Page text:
Six months later they married. Her father gave his blessing. My husband was best man and I the matron of honor. Their marriage was filled with travel adventures, often visiting national parks in their fifth wheeler. They flew to Hawaii to see her son and we were invited to meet his daughter and her husband. They attended a WWII navy veterans reunion. We camped with them at the coast. They attended each other’s churches. Year after year passed until they’d been married twenty-five years. We celebrated the milestone with dinner together.
Two years ago age caught up with them. The husband, now in his nineties, passed away from ongoing heart failure. The children, grandchildren and great grandchildren came to support their parents, his kids and hers alike. They came to acknowledge the legacy of love lived before them. Between two marriages, our friends had achieved more than fifty years of marriage, a major accomplishment in our uncertain times.
We may have played a minor part, but God, in His wisdom, knitted them together.
About Patricia: Patricia (Pat) Lee has had a fascination with words and what they can do since she wrote her first short paragraph at the age of six. She doesn’t remember the content of her story, but her teacher became excited at what she’d done. “Obviously,” Pat says, “words made people happy.”
Pat worked as a stringer for a local newspaper during her middle and high school years representing the school’s news to the community. She received her B.A. in Journalism from the University of Oregon, then went on to work as a tabloid newspaper editor at her local church.
After she married, she began her freelancing career and sold to various publications, including Expecting, Moody Monthly, and Power for Living. More recently she has published in two anthologies, Cup of Comfort Bible Promises and Heavenly Company, as well as featured articles in Focus on the Family’s Clubhouse magazine. An Anchor On Her Heart, her debut novel, released in July, 2017. Love Calls Her Home, the second in the Mended Hearts series, released March 1, 2018. The third novel, A Kite on the Wind released October 1, 2018.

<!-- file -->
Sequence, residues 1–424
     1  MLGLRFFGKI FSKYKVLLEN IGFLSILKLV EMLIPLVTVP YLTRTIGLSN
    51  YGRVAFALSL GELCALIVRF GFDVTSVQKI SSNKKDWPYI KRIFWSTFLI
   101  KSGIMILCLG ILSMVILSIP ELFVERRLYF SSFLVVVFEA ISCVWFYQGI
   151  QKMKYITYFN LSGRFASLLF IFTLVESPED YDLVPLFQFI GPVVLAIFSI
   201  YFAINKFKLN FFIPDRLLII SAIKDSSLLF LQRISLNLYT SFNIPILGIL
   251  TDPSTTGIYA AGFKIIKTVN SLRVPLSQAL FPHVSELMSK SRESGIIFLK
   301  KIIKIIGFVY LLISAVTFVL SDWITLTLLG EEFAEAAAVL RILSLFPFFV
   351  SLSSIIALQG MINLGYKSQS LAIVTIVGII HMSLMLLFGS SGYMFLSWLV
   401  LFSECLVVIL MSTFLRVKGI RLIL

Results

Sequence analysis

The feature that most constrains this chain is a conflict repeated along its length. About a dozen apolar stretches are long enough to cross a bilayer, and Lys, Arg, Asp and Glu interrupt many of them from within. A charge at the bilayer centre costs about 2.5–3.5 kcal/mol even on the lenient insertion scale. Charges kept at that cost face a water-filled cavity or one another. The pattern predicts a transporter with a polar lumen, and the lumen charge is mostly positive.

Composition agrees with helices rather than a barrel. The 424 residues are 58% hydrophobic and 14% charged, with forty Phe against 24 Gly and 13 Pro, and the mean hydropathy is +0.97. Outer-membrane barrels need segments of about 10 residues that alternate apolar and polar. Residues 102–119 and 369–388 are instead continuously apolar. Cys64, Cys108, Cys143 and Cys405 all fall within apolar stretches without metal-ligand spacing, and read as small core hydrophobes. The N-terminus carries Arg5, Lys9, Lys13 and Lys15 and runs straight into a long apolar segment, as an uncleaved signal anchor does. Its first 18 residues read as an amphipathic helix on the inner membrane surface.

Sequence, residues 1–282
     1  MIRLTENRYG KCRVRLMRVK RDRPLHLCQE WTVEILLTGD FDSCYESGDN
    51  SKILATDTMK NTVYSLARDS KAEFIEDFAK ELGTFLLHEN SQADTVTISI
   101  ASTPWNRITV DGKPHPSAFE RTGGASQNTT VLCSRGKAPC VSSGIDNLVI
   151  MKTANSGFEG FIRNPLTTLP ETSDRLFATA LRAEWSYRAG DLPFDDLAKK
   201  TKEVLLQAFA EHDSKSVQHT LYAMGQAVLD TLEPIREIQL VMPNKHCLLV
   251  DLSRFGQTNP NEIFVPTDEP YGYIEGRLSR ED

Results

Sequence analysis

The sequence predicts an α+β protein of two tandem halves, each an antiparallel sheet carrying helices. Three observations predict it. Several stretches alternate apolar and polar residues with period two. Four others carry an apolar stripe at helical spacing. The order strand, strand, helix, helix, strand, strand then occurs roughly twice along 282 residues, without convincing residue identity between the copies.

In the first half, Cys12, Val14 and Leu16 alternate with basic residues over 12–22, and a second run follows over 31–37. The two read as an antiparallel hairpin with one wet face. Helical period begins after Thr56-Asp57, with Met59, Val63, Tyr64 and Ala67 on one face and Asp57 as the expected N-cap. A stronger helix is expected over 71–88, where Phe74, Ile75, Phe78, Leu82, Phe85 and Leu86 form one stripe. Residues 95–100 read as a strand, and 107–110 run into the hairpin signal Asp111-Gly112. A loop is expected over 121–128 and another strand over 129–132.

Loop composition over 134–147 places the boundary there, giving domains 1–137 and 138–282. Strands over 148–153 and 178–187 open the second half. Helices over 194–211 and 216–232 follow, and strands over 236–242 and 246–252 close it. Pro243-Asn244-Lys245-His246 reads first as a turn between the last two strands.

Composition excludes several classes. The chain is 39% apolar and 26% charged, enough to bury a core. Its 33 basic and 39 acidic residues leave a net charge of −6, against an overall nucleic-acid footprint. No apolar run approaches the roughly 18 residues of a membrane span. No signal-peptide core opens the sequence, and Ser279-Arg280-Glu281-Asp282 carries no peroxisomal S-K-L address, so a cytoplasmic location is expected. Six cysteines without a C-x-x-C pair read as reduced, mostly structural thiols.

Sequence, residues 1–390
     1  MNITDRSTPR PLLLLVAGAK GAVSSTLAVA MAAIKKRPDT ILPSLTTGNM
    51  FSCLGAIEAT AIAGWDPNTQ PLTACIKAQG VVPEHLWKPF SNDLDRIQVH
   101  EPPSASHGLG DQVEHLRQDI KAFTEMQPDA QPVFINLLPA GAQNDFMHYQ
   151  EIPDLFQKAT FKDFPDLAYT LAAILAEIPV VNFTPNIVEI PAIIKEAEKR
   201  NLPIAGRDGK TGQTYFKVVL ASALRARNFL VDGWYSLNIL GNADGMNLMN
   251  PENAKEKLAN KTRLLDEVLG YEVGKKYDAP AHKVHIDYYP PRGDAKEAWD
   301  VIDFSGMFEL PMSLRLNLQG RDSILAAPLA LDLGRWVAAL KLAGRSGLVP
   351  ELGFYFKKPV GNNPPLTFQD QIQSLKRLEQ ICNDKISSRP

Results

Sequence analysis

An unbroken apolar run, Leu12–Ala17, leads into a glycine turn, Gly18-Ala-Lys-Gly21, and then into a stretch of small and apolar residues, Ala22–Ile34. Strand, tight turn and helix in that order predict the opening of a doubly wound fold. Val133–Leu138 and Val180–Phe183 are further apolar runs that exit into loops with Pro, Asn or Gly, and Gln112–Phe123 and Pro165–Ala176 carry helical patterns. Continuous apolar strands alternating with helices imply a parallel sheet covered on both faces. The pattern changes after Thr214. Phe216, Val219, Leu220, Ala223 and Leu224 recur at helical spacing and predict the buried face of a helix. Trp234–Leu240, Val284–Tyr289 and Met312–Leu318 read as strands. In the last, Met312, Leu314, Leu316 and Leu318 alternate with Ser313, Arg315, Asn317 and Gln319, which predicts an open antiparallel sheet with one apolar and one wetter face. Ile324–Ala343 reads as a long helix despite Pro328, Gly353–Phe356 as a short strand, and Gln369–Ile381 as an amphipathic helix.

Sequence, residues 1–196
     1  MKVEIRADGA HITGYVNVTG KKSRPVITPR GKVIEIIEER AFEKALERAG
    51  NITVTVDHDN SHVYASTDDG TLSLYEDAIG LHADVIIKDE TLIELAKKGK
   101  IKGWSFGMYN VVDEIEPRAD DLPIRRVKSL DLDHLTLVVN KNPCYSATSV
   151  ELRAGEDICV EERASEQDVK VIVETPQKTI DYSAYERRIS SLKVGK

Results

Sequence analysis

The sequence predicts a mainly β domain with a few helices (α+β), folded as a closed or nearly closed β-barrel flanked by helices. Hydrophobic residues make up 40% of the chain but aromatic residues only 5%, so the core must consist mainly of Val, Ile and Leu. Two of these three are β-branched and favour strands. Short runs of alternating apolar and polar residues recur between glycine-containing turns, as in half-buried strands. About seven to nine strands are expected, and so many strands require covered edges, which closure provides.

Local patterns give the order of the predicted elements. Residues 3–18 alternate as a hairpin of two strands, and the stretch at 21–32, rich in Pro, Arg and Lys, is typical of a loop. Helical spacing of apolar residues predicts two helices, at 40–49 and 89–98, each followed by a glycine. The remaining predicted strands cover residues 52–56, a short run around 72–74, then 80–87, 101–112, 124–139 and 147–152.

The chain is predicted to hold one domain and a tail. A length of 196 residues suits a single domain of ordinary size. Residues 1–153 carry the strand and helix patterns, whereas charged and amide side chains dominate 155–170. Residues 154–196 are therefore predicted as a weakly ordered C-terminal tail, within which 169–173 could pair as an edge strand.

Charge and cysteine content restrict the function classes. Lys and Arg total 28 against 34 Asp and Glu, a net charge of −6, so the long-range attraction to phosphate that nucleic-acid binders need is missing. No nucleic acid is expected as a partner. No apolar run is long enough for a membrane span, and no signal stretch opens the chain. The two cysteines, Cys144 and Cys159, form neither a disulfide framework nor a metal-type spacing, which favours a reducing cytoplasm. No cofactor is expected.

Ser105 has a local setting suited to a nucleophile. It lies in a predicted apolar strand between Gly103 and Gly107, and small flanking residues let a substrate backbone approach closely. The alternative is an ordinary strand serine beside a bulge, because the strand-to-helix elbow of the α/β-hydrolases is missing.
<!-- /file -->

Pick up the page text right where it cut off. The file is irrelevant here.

She lives were her husband and a handful of furry friends in the Pacific Northwest. They have two grown children. Learn more & connect:
About the book – Love’s Autumn Harvest
All Eily McKintrick needed was an onion.
Across the fence an entire garden waits, but her brusque and unfriendly neighbor Marshall Frye doesn’t want to trade for the needed vegetable. Annoyed, Eily crawls through the fence to borrow the onion anyway, risking the wrath of the contrary man at the property line. If she’s caught.
Marshall would only be too happy to gift the widow with an onion, if it weren’t for her choice of friends. She spends time with Hillary Shepherd, a determined divorcée with her sights set on him. After his wife died, he retired early as a high school principal to live a contented solitary life growing vegetables for the local food banks. But when he finds Eily on her knees in his garden, the ensuing adventure is more trouble than either are prepared to handle.
Will Eily and Marshall find love for a second time? And what will Hillary do?
Question for Readers: Have you ever played match maker or do you know any couples who got together due to matchmaking? Tell us about it.
Come back August 11th for Kathy Cretsinger!